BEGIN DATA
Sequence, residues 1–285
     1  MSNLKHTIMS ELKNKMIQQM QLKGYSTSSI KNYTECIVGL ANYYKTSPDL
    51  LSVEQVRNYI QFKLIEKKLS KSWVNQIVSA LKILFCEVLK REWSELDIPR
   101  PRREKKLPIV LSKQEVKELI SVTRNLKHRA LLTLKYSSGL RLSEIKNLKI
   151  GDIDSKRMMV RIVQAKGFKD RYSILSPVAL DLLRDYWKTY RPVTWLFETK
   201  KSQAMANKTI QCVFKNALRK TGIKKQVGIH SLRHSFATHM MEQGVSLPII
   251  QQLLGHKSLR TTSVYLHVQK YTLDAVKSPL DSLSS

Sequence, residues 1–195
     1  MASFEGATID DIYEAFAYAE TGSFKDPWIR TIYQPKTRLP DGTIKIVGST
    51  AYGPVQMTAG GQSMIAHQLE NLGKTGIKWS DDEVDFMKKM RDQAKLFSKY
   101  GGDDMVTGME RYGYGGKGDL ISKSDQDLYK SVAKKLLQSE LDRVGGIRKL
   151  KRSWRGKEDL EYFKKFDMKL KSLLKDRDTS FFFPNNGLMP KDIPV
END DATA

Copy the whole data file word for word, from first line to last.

Sequence, residues 1–285
     1  MSNLKHTIMS ELKNKMIQQM QLKGYSTSSI KNYTECIVGL ANYYKTSPDL
    51  LSVEQVRNYI QFKLIEKKLS KSWVNQIVSA LKILFCEVLK REWSELDIPR
   101  PRREKKLPIV LSKQEVKELI SVTRNLKHRA LLTLKYSSGL RLSEIKNLKI
   151  GDIDSKRMMV RIVQAKGFKD RYSILSPVAL DLLRDYWKTY RPVTWLFETK
   201  KSQAMANKTI QCVFKNALRK TGIKKQVGIH SLRHSFATHM MEQGVSLPII
   251  QQLLGHKSLR TTSVYLHVQK YTLDAVKSPL DSLSS

Sequence, residues 1–195
     1  MASFEGATID DIYEAFAYAE TGSFKDPWIR TIYQPKTRLP DGTIKIVGST
    51  AYGPVQMTAG GQSMIAHQLE NLGKTGIKWS DDEVDFMKKM RDQAKLFSKY
   101  GGDDMVTGME RYGYGGKGDL ISKSDQDLYK SVAKKLLQSE LDRVGGIRKL
   151  KRSWRGKEDL EYFKKFDMKL KSLLKDRDTS FFFPNNGLMP KDIPV